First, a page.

It is commonly reported that Rogers desires the office.

3. The subject of the that-clause becomes the subject of the passive verb, and the verb of the clause is replaced by an infinitive.

Rogers is commonly reported to desire the office.

The choice among these three idioms is largely a matter of emphasis or euphony. The first may easily become heavy or awkward, and it is therefore less common than either of the others.

Note : The third of these idioms is often called the personal construction, to distinguish it from the second, in which the grammatical subject is the impersonal it. The infinitive in this third idiom may be regarded as a peculiar adverbial modifier of the passive verb.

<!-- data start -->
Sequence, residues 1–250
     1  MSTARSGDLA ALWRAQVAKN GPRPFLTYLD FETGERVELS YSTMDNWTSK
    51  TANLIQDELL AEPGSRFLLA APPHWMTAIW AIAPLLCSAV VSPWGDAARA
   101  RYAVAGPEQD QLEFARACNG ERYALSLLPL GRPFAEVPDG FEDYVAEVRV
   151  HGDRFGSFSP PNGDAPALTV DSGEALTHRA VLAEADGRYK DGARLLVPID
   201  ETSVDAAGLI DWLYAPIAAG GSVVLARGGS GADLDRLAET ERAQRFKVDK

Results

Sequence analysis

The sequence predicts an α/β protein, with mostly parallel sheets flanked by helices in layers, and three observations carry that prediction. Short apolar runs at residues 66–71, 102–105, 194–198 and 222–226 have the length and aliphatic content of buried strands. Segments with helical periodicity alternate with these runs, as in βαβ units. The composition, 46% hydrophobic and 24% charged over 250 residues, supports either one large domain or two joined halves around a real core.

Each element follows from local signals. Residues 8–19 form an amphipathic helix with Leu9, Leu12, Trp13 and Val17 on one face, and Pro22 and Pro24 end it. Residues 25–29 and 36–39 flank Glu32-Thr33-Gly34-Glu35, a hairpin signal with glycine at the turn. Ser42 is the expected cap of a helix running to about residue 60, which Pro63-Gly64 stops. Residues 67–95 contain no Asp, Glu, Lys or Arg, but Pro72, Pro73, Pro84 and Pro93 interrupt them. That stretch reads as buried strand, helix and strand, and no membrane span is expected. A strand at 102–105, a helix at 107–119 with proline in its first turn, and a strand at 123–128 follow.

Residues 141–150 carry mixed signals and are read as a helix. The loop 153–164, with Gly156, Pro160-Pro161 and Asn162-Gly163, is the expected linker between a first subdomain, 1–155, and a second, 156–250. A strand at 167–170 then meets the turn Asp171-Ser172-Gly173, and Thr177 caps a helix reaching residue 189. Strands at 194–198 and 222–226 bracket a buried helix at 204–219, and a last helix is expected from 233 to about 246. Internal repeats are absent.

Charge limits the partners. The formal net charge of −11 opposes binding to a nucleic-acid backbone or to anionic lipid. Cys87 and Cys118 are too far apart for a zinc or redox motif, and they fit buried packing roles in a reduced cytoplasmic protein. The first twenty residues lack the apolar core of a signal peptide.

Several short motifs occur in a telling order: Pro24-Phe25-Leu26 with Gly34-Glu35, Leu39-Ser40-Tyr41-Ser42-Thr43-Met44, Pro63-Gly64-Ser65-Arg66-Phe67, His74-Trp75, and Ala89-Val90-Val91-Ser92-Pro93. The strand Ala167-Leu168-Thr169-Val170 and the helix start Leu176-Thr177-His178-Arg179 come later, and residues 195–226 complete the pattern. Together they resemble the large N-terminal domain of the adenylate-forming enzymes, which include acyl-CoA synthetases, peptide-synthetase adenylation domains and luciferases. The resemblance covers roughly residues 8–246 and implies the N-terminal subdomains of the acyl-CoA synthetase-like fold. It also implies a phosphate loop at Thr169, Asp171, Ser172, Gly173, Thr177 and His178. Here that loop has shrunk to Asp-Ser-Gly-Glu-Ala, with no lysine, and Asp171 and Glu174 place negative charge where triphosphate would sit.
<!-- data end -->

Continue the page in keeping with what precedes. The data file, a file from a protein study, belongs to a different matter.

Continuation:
Further examples of the three constructions with passive verbs of telling, thinking, etc., are the following.

1. That in vivacity, humor, and eloquence, the Irish stand high among the nations of the world is now universally acknowledged. - Macaulay.

2. It is admitted that the exercise of the imagination is most delightful. - Shelley.

3. It must be owned that Charles’s life has points of some originality. - Stevenson.

4. Porto Bello is still said to be impregnable, and it is reported the Dutch have declared war against us. - Gray.

5. He was generally believed to have been a pirate. - Lytton.

6. Pope may be said to write always with his reputation in his head. - Johnson.

7. She was observed to flutter her fan with such vehement rapidity that the elaborate delicacy of its workmanship gave way. - Hawthorne.

8. This is said to be the only château in France in which the ancient furniture of its original age is preserved. - Longfellow.